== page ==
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Re: FW: FW: Telecommunications vs internetworking [7:86571] posted 03/31/2004
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At 6:23 PM +0000 3/31/04, Messel, David S (David) wrote:
>You know I don't seem to be able to help myself but answer some of the items
>The Nortel ARN came directly from Bay Networks if anyone remembers that
>name. When it was Bay, documentation and help was easy to get, I know I
>worked with lots of these routers. They are great little and big routers
>that ran forever, in fact I have ran into some that have been in the field
>ten years. I personally liked them.

_Bay_, and earlier Wellfleet, did good work on routers. The 
documentation also was excellent -- sometimes when I'd find a Cisco 
point hard to follow, I'd go to the "Nortel" site and download Bay's 
manual.  Wellfleet consistently seemed to use more meaningful 
terminology -- I always like to contr

>The manager you are talking about was not a run of the mill terminal
>emulator but a proprietary interface that could track whole networks of
>routers (and associated configs) for you. I liked it, other than that yes
>the CLI leaves a lot to be liked unless you love working directly with MIB

Site Manager had pros and cons. Yes, it could be a management tool, 
but it suffered from scalability problems when it tried to manage too 
many devices.  At some point, it's worth separating your general 
network management and your configuration hosts.

It also could be criticized because it continued the approach of 
doing router control with CLI.  Especially when one gets in the 
telephone world, you never want to preclude the ability to recover 
from a problem if all you have is a dialup terminal.  Site Manager 
primarily uses SNMP to communciate with managed devices.

BCC was a very nice hybrid, which looked a fair bit like Cisco 
configuration language but had fewer weirdnesses.

>Cisco is no doubt the undisputed King of training and documentation; that I
>will not argue.
>Neal the next time you go to throw something away would you post it on the
>list it may be something that I might want to have. I will pay for the
>shipping ;)
>-----Original Message-----
>From: nobody@xxxxxxxxxxxxxx [mailto:nobody@xxxxxxxxxxxxxx]On Behalf Of
>neal rauhauser
>Sent: Wednesday, March 31, 2004 11:32 AM
>To: cisco@xxxxxxxxxxxxxx
>Subject: Re: FW: Telecommunications vs internetworking [7:86571]
>"Howard C. Berkowitz" wrote:
>>  Go to a data person, have them pick up their POTS phone, and watch as
>>  they are utterly shocked if they don't have dial tone.
>   Dialtone *is* a gift from god ...
>>  I spent several years in Nortel corporate R&D, still facing a
>>  widespread belief that MPLS would shut up all the data people that
>>  were complaining about ATM, although they really wanted to find a way
>>  to have MPLS without IP routing.  A little group of us came up with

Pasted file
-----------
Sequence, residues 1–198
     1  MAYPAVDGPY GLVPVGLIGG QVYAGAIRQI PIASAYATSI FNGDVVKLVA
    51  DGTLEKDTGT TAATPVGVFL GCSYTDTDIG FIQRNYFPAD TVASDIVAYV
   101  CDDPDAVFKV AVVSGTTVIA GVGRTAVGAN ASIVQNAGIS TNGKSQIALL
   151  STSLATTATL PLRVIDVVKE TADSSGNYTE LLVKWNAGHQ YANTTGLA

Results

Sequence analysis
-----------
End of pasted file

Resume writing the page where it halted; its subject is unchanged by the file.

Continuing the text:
>>  some radical router designs that could never get prototype funding.
>>  Eventually, of the six people that were designated as corporate
>>  research experts in IP, they laid off five. Ooops...forgot the
>>  Nortel-speak. We weren't laid off. We were optimized.
>   I've got a collection of books I've purchased for my pursuit of Cisco
>certifications. I stood them all on end a few months ago - the stack
>comes up to my chin and it weighs 96 pounds. I've got the materials to
>carry me through my CCIP but I suspect this pile will grow before I
>tackle the CCIE. Caslow and Hutnik & Satterlee are the two noteable
>exceptions to the rule - most of the rest flowed directly from Cisco
>Press to my bookshelf.
>   Go to your local Barnes and Noble or Borders and try to find the one
>lonely little book that Nortel brought out a few years ago. I just
>googled and I see they have a certification track that is superficially
>similar to what Cisco offered a few years ago.
>  I tried to get into Nortel stuff a while back. A couple of Nortel ARN
>fell into my hands and I thought I'd wire them into my Cisco lab. I
>googled. I went to the bookstore. I called some of the aftermarket
>dealers. I called the Nortel rep in the area. I eventually learned how
>to clear the passwords on the machines. The documentation on what one
>can do with them is apparently some sort of national secret of the
>People's State Of Nortel. I heard rumors that the command line is just
>to get the box bootstrapped and that the real work is done with some
>Windows based GUI for managing them.
>    The Nortel rep never called me back. Once I came to grips with the
>fact that I'd have to install some third rate shitpile excuse for an OS
>to manage an 'also ran' piece of routing equipment ... well ... they
>made very loud clangs when I threw them into the dumpster behind my
>   Lucent and Nortel were big iron telco shops that don't have a prayer
>long term - as the CCNAs from the class of 1999 become the managers
>behind purchasing decisions in 2009 the 'Cisco Press' is going to take
>over and squeeze the life out of them. Cisco's only real threat are
>things like nibbling at the lower end of the
>market and Juniper chewing into the high end.
>mailto:neal@xxxxxxxxxxxxxxxxxxx fcc:K0BSD
>Cisco, Soekris, OpenBSD, or Amateur Radio? See my web page ...
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